I Quit Hip-Hop

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KRS-One wants multitudes of people who have a problem with Afrika Bambaataa to quit Hip-Hop. That’s great because…

I Quit Hip-Hop

Earlier this year, in April, several sexual allegations were brought against the pioneer of Hip-Hop music. A middle-aged man named Ronald Savage came forth to tell his encounters with the “Planet Rock” singer. Soon after, another gentleman named Hassan Campbell shared his story. He said the star molested him when he was 12-13 years old. Bambaata’s camp released an official statement referring to the allegations as “part of a government conspiracy.” Naturally, more men came forward to give their accounts to the press. Savage was a former music industry executive.

Campbell claims that during a meeting, Bambaataa ‘acknowledged the abuse and apologized to him at that meeting. The Hip-Hop pioneer promised he would get counseling, open up a center for troubled youth and step down from the Zulu Nation.’ Apparently and unfortunately, he did not hold up to his promise.

Recently at a Q&A session in Birmingham, England, the famed 50-year-old Bronx rapper Lawrence “KRS-One” Parker decided to support Bambaataa, stating that if we, the consumers-supporters-artists-alike have an issue with Bambaataa, we should quit Hip-Hop. Excuse me. It is one thing to support someone, unconditionally, but it is another to be part of the shenanigans.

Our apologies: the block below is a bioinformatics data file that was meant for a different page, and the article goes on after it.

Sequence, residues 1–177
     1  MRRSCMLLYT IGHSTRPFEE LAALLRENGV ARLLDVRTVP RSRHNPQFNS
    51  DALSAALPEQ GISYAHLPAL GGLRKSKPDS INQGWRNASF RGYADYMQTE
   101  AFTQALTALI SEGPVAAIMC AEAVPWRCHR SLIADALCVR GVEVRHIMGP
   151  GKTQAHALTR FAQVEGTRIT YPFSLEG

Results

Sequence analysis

People, there is a huge problem here and we must address it like fully functional adults. We have to be accountable for all that we do and say. That’s what mentally stable individuals do. We cannot allow dictator types to silence us. We cannot allow someone to tell us to jump off of a ship we helped to build and sail. We have fed and continue to feed the captain(s). The culture and style of music, once seen as an abomination, was founded in the United States of America.

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Ironically, with American history in mind, do you know what happened to the people who dared to have an unpopular or moral opinion in the early days of this country? They were as good as dead.

Just a decade ago, people whom “respected” Bambaataa (and did not know his truth) said the genre was dead, and now, they are the ones who have put it on their backs to keep it alive. They put their best foot forward, every day, for the sake of progression and making sure Hip-Hop thrives in today’s pop culture.

KRS-One could easily be compared to any government official, working with any politician. As a loyal employee, he works his hardest to erase (or ignore) the harshness and ugliness of his employers’ past. It’s also like saying no one should have questioned Jerry Sandusky because he was an American football coach.

Nas was right. Hip-Hop did die. I’d like to think he wasn’t just talking about the change in sound. He was also talking about the lack of structure left behind for us to move forward as a culture — leaving us lifeless and without a practical strategy for survival. We have died. We are still dead, like the culture. We are the living dead. Zombies against cultural divisiveness. Our bodies reject the hateful homophobic ways that nest and hide within Hip-Hop culture. It doesn’t just separate and divide us. It harms us as human beings.